PhD student Brittany Coppinger recently received two awards for a research project involving social and communicative complexity in avian populations. One award is a student research grant from the Animal Behavior Society, a professional organization “dedicated to promoting and advancing the scientific study of animal behavior.” The second award is the Werner and Hildegard Hesse Award, a nationally competitive award from the American Ornithology Society.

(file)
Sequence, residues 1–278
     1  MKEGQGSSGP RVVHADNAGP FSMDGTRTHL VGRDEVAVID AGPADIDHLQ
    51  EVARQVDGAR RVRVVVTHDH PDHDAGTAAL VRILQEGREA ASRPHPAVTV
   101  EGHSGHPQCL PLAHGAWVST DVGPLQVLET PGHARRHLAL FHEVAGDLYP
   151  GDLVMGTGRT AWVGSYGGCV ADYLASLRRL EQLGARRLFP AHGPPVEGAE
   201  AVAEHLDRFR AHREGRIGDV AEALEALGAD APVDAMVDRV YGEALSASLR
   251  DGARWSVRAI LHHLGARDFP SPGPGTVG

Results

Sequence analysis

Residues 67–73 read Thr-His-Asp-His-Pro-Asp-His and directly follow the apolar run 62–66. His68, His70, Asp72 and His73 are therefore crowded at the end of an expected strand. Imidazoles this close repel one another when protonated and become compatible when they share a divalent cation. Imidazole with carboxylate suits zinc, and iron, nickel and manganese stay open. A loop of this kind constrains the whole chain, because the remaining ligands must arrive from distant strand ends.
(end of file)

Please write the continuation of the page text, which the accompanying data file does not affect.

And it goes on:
Brittany Coppinger is working toward a PhD in experimental psychology in the Department of Psychology, where she works with Prof. Todd Freeberg in the Comparative Communication Laboratory. Her research project, “Flock density and its influences on social and vocal complexity,” focuses on using Carolina chickadees as a model system for testing how social complexity influences variation in communicative complexity. This research, which is the final project for her dissertation, will begin in the fall.